Volunteering on Galapagos Islands
Replies: 6 - Last Post: Aug 23, 2013 4:48 PM Last Post By: Travelbug9791
Feb 4, 2013 9:59 PM
Volunteering on Galapagos IslandsHi!
I am looking into doing volunteer work on the Galapagos Islands for 1 - 2 weeks. I am not going to school or have any prerequisites applicable to the environment and conservation. I know basic Spanish but am by no means fluent.
Does anyone have any recommendations of organizations they have volunteered with before? Any organizations to avoid? Or do you think it is more worth while to take a cruise and volunteer elsewhere?
I am considering Lead Adventures as well as Obelong. If anyone has done volunteering with these organizations let me know!
Feb 5, 2013 5:42 AM
1Out of curiousiy I checked the Lead Adventures website to find out how much this experience was going to cost you. However, I could not find anything about prices. You have got to wonder when people have to pay to volunteer - and that they are actually okay with that!
I'll admit to not understanding why tourists want to take away job opportunities from local people in the name of "volunteering" when they often have no particular special skill and a feeble command of the local language. Given that they are volunteering in poorer countries, they are actually making it worse for local people.
While volunteering one's time to help others or to make the world better is an admirable thing, it is puzzling why people don't volunteer in their own communities, instead of having to spend $1000. on a plane ticket to find the opportunity.
If you want to see Ecuador, go for it. No need to dress it up with a veneer of "volunteer". Go and learn and return to your community a little more enlightened about the world.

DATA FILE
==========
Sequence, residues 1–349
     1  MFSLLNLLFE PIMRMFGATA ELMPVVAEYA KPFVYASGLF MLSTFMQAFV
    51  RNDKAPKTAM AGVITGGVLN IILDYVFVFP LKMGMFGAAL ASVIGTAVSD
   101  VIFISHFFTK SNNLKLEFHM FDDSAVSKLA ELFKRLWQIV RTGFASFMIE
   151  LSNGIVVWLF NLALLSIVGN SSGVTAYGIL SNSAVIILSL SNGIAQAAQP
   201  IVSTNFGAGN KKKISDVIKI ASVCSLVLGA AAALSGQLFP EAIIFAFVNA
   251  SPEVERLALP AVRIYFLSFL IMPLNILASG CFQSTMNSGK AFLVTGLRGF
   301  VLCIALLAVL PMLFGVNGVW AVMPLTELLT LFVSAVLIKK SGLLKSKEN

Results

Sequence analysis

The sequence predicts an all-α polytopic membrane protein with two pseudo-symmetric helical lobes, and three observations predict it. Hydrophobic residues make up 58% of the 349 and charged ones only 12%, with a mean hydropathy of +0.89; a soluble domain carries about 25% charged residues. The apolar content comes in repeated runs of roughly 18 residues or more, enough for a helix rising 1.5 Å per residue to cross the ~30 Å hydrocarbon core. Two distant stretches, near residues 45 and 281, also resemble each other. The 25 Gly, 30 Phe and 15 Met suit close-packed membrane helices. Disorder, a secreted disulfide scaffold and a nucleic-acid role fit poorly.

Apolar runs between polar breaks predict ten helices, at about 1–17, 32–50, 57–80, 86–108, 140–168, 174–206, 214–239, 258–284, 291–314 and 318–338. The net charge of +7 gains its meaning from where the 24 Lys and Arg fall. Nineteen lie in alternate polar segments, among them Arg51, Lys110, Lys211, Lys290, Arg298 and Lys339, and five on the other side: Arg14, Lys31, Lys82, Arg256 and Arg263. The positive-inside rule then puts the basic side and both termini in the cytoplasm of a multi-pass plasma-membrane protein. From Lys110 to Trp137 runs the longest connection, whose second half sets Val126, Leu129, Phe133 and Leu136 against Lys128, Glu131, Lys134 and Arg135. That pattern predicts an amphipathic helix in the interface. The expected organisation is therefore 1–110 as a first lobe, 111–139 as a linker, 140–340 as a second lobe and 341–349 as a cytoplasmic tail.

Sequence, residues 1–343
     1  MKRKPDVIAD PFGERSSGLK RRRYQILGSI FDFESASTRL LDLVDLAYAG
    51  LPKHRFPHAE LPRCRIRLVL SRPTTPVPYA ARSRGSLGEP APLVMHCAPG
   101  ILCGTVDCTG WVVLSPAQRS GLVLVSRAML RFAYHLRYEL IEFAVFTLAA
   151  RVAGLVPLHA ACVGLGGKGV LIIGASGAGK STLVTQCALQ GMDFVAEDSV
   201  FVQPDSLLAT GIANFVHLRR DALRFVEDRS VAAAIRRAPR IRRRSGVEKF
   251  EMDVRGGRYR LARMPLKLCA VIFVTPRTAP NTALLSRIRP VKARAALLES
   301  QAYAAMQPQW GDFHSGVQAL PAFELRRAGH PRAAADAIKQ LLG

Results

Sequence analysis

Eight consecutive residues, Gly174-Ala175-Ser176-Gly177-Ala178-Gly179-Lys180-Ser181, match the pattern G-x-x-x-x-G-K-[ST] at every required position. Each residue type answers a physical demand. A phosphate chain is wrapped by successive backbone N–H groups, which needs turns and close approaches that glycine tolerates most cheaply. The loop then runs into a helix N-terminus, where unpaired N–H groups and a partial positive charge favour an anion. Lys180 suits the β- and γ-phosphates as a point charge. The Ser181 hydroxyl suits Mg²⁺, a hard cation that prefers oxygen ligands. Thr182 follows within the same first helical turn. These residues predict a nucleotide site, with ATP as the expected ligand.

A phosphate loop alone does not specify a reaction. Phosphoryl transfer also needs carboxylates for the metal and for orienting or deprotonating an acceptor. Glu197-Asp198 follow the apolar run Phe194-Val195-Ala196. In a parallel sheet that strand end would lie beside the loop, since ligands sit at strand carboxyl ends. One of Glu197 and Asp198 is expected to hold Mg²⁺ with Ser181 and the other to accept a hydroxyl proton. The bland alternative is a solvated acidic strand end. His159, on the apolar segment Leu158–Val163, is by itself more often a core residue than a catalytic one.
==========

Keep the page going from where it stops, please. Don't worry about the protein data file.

Feb 5, 2013 6:12 AM
Feb 5, 2013 6:52 AM
3I've done some volunteer projects with a well-known international organization so perhaps can enlighten you. For starters, these organizations DO hire locals, and certainly depend on local merchants and service vendors. The local hires may be temporary or a part of the ongoing project if the organization has a permanent, long-term base. However, it may only have a short-term need for other jobs, and no money to pay salaries (as they are non-profit), hence the volunteers who are paying their way plus supporting the research. They are NOT taking jobs away from locals. It can actually be quite rewarding work, even knowing you're basically doing grunt work, but the right organization/research team will make it all worthwhile.
I do agree it's very rewarding to volunteer locally and have done that for a number of years (even when living outside my home country). But there have been times when I wanted to go outside my comfort level, learn something totally new, get involved/give back, and experience a different world, and that's why people choose to volunteer instead of simply play tourist.
Feb 5, 2013 10:55 AM
4Thank you all for your opinions. This is helpful.
It's understandable why one would have to pay something to volunteer, as there are costs for food as well as accommodation and costs to keep the organization running. The rest of the proceeds go to the local community. I quickly found the costs on the lead-adventures website.